PITTSBURGH PA - JANUARY 15: (R-L) Head coach Mike Tomlin of the Pittsburgh Steelers speaks with head coach John Harbaugh of the Baltimore Ravens following the AFC Divisional Playoff Game at Heinz Field on January 15 2011 in Pittsburgh Pennsylvania. The Steelers defeated the Ravens 31-24. (Photo by Gregory Shamus/Getty Images)
Don't get me wrong, I'm all about frivolous features. They may not leave an impacting impression on society as a whole and advance the cause of good, but they let writers be creative and free-thinking.
They also let writers stay in the box they've allowed themselves to rot away in, and thus, encourage their readers to do the same.
Take, for example, this piece by a few NFL.com staffers, discussing which games on the 2012 NFL schedule should be considered 'National Holidays.'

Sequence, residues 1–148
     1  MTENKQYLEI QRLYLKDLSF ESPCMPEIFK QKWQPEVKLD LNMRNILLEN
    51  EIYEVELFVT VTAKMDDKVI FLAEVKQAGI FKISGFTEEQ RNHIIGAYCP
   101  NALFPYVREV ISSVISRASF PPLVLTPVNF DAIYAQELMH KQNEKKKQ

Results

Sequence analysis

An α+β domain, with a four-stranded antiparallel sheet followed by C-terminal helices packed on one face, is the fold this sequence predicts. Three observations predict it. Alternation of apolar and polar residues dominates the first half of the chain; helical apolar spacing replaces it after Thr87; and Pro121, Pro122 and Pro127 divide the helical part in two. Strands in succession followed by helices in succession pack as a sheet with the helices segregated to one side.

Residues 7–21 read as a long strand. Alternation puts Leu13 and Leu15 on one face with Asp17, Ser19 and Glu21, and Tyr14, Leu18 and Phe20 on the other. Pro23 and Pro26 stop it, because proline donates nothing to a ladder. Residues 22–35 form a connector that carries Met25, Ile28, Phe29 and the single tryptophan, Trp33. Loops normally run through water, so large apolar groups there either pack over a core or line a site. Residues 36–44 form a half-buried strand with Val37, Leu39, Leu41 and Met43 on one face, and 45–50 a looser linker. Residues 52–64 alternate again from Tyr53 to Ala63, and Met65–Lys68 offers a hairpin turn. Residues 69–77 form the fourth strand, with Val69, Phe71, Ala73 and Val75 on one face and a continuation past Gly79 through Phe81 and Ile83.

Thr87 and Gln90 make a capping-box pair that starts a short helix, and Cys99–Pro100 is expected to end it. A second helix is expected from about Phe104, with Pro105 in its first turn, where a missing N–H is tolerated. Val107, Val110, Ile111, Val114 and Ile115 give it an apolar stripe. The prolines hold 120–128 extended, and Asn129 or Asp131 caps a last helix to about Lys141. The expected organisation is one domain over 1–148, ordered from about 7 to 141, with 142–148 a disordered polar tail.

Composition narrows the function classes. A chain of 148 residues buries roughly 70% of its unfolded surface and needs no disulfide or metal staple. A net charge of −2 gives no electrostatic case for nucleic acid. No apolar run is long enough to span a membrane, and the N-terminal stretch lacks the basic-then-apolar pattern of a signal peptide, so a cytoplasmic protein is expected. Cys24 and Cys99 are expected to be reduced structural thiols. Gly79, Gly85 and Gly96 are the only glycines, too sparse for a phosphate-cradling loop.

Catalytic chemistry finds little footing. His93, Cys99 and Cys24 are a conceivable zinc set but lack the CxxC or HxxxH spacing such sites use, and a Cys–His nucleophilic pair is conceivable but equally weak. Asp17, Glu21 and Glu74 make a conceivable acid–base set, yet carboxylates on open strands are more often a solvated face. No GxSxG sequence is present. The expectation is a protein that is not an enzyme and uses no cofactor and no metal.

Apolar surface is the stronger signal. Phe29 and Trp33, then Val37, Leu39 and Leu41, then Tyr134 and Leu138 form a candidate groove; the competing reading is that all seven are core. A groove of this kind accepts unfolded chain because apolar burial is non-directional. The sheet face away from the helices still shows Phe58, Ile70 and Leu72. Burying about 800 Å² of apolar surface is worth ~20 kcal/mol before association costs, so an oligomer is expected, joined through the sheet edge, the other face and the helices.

Albert Breer takes the easy option, the season-opening Thursday Night Guaranteed Home Team Victory.
Ian Rappaport not only takes the second-easiest option, anything involving Patriots QB Tom Brady and one of the Mannings (Peyton, in this case). He even puts roman numerals after the cliche "Brady-Manning" moniker.
Charley Casserly throws his hat into the Broncos-Patriots ring, thus marginalizing the Colts-Patriots rivalry from the 2000s. Clearly, it's not about the teams if one player switches jerseys and takes the rivalry with him.
It's unclear whether Jason Smith understood the question. He did get in the requisite Tim Tebow entry to the argument, completely ignoring the fact he's a back-up quarterback. Apparently, the country should have a day off to watch him hold a clipboard and play on the punt team.
Gregg Rosenthal provides his typical originality by casting the third vote for Brady v. Manning.
But that's fine. If the majority of football fans want to listen to the Bee Gees while we crank Led Zeppelin, I'm not going to complain. I just can't hear any argument about must-see games if either one - both in reality - Steelers/Ravens games are not mentioned.